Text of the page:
Morisot, Berthe (bĕrt môrēzōˈ) [key], 1841–95, French impressionist painter. She studied with many gifted painters, including Corot. She formed a close friendship with Manet, who became her brother-in-law, and she served as model for several of his best-known paintings. The two greatly influenced each other's artistic development. Her own later work inclined toward pure impressionism in its rendering of light, while retaining an unusual smoothness of brushwork. Her paintings formed an important addition to all but one impressionist exhibit from 1874 through 1885. Her most notable works, including Young Woman at the Dance (1880; Paris) and La Toilette (Art Inst., Chicago), are painted in clear, luminous colors. Her early subject matter included landscapes and marine scenes; later she most frequently painted tranquil portraits of mothers and children. Morisot's works have been particularly popular in the United States, and many important works are in American collections.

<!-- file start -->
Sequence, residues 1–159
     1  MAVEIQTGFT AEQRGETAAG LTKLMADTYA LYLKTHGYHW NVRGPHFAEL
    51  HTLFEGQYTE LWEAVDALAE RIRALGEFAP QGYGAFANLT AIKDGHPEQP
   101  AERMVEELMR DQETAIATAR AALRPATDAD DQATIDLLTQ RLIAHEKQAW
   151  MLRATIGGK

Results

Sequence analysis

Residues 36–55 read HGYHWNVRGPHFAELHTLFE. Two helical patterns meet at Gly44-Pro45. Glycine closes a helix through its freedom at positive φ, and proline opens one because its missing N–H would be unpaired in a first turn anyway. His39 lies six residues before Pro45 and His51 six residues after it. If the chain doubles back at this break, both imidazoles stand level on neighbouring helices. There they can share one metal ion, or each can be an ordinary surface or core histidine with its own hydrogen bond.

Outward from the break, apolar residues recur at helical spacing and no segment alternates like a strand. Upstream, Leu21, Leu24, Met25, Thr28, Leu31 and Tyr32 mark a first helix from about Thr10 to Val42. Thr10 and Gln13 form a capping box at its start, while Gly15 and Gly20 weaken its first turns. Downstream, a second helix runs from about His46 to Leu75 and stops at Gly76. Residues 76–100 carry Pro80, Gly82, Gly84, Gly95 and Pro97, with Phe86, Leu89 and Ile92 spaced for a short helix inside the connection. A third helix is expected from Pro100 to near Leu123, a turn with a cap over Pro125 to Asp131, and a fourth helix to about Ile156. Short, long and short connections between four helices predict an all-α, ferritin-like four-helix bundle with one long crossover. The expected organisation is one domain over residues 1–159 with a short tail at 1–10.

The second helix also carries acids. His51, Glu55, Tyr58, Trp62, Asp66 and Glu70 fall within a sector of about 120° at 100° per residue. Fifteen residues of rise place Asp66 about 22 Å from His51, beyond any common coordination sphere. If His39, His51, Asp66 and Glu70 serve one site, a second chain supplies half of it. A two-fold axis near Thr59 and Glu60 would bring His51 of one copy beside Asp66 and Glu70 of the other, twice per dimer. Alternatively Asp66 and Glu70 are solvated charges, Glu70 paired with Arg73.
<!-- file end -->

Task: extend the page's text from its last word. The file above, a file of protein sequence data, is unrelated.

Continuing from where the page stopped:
See catalog (ed. by D. Rouart, 1960); her correspondence (ed. by D. Rouart; tr., 2d ed. 1959).
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